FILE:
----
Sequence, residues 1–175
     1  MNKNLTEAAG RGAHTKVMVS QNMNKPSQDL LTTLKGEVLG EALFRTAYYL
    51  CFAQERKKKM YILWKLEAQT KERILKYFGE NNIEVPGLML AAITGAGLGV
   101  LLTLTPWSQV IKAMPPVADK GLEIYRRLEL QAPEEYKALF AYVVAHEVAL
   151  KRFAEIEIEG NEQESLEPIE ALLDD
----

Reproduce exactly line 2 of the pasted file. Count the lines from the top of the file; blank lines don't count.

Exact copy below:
     1  MNKNLTEAAG RGAHTKVMVS QNMNKPSQDL LTTLKGEVLG EALFRTAYYL